These effects set forth above allow the multiple power supply apparatus PA to be easily installed in compact vehicles that are subjected to restriction on increase in weight and space.

Particularly, in the multiple power supply apparatus PA, the first battery 2, the second battery 4, and the power-transfer circuit module 10 can be electrically connected to each other using bus bars containing heatsinks while they are integrally clamped to each other without relative movement thereamong. This can contribute the effects obtained by the multiple power supply apparatus PA described hereinbefore.

In the first embodiment, the first battery 2 is capable of storing high electrical energy as compared with conventional lead batteries. For this reason, it is necessary to improve impact resistance of the first battery 2 in order to guard the first battery 2 from destruction in the event of a crash.

From this viewpoint, in the first embodiment, the second battery 4 is mounted on the power-transfer circuit module 10 below which the first battery 2 is arranged. Therefore, in the event of a frontal crash, the impact due to the frontal crash can be absorbed by deformation of the second battery 4 whose stored electrical energy is lower than that of the first battery 2. Thereafter, the remaining impact can be absorbed by deformation of the power-transfer circuit module 10 before it acts on the first battery 2.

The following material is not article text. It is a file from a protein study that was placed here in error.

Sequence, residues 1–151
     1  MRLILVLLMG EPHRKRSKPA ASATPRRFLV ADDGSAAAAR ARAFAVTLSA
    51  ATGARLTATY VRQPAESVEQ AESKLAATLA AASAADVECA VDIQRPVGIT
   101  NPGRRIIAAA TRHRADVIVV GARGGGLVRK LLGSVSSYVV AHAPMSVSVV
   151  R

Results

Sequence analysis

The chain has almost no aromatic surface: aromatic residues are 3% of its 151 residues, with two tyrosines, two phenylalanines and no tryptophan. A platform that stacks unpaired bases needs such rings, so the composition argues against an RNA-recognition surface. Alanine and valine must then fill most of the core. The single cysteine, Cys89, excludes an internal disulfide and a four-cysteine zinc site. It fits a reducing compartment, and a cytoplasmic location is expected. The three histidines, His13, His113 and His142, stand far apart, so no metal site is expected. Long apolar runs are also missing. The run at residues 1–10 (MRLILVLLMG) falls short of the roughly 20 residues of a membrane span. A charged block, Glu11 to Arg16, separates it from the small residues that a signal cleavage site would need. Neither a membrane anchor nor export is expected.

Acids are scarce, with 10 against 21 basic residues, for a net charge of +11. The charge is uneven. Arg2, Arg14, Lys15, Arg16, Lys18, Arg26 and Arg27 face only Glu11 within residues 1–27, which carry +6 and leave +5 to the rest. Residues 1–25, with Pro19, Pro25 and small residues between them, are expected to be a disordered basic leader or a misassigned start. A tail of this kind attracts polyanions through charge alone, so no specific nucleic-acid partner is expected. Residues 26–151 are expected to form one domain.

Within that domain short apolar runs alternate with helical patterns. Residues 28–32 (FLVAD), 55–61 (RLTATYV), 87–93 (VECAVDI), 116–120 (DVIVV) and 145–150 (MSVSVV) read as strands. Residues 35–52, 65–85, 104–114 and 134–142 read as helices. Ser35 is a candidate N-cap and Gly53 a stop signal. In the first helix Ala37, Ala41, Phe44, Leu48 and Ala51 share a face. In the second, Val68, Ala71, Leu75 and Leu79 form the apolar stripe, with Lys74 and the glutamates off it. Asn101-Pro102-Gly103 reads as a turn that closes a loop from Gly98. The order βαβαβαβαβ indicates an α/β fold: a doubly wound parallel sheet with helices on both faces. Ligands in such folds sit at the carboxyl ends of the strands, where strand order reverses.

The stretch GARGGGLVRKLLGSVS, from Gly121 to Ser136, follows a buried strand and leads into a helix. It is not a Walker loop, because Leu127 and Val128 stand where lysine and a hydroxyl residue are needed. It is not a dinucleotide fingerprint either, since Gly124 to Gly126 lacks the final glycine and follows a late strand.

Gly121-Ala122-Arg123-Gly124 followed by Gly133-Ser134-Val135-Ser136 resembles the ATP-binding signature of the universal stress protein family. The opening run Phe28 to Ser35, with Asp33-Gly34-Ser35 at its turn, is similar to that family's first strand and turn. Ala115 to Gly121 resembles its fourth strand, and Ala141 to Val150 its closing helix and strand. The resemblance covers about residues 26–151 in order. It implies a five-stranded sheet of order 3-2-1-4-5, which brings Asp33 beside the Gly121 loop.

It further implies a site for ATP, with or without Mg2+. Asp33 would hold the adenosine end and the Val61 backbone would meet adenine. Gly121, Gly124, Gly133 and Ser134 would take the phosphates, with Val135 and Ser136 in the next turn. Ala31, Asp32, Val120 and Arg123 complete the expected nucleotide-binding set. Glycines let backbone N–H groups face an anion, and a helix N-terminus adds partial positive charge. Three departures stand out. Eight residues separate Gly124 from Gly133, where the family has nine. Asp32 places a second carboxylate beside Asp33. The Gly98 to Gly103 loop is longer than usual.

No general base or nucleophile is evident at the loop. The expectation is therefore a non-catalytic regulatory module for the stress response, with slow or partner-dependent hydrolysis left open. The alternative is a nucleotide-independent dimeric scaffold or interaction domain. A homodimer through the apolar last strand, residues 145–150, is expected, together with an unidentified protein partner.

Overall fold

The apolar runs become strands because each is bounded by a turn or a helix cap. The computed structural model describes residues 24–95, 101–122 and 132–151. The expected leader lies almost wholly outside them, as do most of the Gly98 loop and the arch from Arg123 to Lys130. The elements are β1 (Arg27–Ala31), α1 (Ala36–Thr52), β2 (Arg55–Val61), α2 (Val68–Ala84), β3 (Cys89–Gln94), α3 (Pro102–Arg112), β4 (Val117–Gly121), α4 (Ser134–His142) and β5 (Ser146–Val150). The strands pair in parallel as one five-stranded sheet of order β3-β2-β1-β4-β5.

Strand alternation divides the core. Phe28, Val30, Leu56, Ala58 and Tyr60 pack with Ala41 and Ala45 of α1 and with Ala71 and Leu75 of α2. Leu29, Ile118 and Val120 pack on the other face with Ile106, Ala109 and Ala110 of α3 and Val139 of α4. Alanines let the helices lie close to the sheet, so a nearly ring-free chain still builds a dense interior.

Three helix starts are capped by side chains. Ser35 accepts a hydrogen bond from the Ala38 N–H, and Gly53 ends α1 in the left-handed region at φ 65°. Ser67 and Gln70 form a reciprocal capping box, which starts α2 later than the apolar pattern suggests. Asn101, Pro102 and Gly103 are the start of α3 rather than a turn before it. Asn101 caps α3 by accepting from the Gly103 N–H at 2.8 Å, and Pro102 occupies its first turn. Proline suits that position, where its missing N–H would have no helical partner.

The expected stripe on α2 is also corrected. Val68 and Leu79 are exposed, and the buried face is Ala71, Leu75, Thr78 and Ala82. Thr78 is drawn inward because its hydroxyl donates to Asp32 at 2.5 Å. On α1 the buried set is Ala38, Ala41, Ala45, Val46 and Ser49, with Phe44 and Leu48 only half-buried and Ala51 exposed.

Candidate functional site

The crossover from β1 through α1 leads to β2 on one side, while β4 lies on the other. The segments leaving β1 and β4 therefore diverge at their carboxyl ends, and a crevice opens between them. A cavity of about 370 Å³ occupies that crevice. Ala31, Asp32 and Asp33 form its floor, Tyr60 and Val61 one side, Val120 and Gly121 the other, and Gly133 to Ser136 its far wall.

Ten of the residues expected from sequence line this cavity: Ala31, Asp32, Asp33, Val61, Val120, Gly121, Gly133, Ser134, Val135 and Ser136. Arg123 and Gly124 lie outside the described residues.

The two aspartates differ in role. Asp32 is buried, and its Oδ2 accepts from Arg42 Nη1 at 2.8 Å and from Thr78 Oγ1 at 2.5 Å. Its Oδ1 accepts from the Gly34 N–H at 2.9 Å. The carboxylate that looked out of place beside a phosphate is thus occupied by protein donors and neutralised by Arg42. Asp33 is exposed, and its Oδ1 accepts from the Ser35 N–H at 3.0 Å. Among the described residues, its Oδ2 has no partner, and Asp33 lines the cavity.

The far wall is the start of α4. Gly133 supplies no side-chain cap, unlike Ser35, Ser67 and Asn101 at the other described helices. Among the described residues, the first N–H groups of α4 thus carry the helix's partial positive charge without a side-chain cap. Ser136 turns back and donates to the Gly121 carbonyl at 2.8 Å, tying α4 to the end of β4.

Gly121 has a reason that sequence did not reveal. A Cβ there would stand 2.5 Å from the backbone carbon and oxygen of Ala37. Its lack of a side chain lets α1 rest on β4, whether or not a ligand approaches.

Thus, in the first embodiment, it is possible to improve impact resistance of the first battery 2, thereby reducing the possibility of the first-battery destruction occurring even in the even of a crash.

In particular, in the first embodiment, even if the safety valve 20 opens the gas vent V so that high pressure gas inside the first battery 2 issues upward from the gas vent V and the discharge port, the power-transfer circuit module 10 mounted on the top of the first battery 2 can prevent the high pressure gas from issuing upward therethrough.

Specifically, because the gas duct 79 of the power-transfer circuit module 10 can deflect the flow of the high-pressure gas in the longitudinal direction, the safety of the multiple power supply apparatus PA can be improved.

In the first embodiment, the second battery 4, the power-transfer circuit module 10, and the first battery 2 are layered in this order from highest to lowest to constitute the integrated battery assembly 100. For this reason, upon installation of the layered battery assembly 100 on the bottom of the vehicle body in the engine compartment 150, a horizontal space required to install the assembly 100 on the bottom of the vehicle body in the engine compartment 150 can be considerably reduced.

Therefore, even if the layered battery assembly 100 is installed on the bottom of the vehicle body in the engine compartment 150, it is possible to secure the freedom of arrangement of other in-vehicle components required to be installed in the engine compartment 150.